The African Elephant Conference and the Hwange Declaration


27 May 2022

The African Elephant Conference was held in the Hwange National Park from the 23rd to the 26th of May 2022 at the Hwange Safari Lodge. The Conference was hosted under the theme a “New and Better Deal for Elephant Conservation, Tourism, Rural Communities in Key African Range States.This watershed Conference was attended by Ministers and senior government officials from Botswana, South Africa, Zambia and Tanzania. The Head of the European Union Delegation and the Ambassador of Japan were also in attendance. Key non-State actors including local and international NGOs in the wildlife conservation landscape also graced the event. The Conference was convened to garner the support for the African Elephant range States ahead of the Convention on the International Trade of Endangered Species (CITES) Conference of Parties (COP 19) to be held in Panama in November 2022. Among other things, the African range States seek to have the ban on the sale of ivory and the trade in elephants be uplifted and the reform of CITES which they believe is no longer informed by science but politics.

The Conference kicked off with a two-day technical session in which respective countries presented on the state of the African Elephant. These were followed by robust discussions on elephant management practices. The underlying message from the Conference was the importance of a united African voice in international fora such as CITES. The Conference noted that while the global African elephant population is declining, the number of elephants in Southern Africa is increasing showing good conservation practices that must be recognized and provide lessons for other countries to follow.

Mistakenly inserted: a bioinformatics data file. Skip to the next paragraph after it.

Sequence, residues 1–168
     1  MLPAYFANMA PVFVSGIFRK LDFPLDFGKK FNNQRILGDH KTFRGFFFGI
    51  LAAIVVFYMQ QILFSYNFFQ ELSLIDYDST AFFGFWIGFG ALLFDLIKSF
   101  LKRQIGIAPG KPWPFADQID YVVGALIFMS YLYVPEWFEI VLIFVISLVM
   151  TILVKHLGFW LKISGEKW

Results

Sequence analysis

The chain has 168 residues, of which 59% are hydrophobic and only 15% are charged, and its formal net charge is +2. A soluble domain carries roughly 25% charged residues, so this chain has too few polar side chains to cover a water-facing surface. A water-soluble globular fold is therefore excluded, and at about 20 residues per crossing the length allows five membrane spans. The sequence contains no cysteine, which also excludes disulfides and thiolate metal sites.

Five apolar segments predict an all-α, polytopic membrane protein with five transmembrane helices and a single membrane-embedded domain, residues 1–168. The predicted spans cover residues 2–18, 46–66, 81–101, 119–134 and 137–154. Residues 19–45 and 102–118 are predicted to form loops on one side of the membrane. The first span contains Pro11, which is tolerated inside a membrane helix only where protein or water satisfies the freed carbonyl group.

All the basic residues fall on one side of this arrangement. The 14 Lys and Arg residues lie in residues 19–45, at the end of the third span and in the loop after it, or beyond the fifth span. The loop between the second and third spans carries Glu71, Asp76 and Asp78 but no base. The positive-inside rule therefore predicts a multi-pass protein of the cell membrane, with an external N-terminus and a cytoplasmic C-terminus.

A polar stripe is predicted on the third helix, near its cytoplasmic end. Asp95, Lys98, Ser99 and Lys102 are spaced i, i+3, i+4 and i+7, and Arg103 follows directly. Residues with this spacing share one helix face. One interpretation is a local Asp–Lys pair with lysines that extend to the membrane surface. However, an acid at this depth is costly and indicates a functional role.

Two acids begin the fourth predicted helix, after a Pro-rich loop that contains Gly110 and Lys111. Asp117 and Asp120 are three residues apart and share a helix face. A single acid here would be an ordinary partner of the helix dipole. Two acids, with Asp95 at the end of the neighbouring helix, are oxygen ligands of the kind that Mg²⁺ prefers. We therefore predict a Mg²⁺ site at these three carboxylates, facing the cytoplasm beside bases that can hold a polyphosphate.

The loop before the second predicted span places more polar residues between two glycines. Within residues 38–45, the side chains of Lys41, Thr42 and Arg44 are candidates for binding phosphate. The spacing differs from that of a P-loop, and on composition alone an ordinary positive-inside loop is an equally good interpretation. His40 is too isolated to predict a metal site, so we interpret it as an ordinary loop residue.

Community voices and their importance was another key discussion that took center stage. The issue of communities is central to ZELA’s goals of achieving a just and equitable society that benefits from natural resources. The parties at the conference agreed that there is a need to include communities in decision making that affects their livelihoods. Further, it was identified that there is a need to develop and or review existing policies governing Community Based Natural Resources Management (CBNRM) that allow communities to receive benefits that outweigh the cost of management.

The Hwange Declaration on the African Elephant was the major highlight of the Conference. This Declaration seeks to address the issues of revenue generation through the sale of wildlife products by developing a viable instrument which will enable African Elephant Range States to sell ivory stockpiles to raise funds for conservation. The Declaration makes a clarion call for CITES not to interfere with domestic trade, state sovereignty, and their rights to sustainable use of wildlife.

The Conference managed to address key issues identified by ZELA in its pre-summit statement. These include the sustainable use of wildlife management, human wildlife conflict, community participation in decision making on wildlife management, and community access and benefit sharing from wildlife resources for better livelihoods. While this is a step in the right direction, there is need for a clear roadmap that crystallizes these issues in a transparent manner that encompasses good governance, transparency and accountability. Corruption is another key issue which needs to be addressed. There is thus a need to come up with an integrated and holistic approach in the management of elephant, which not only promote conservation efforts but also human needs.

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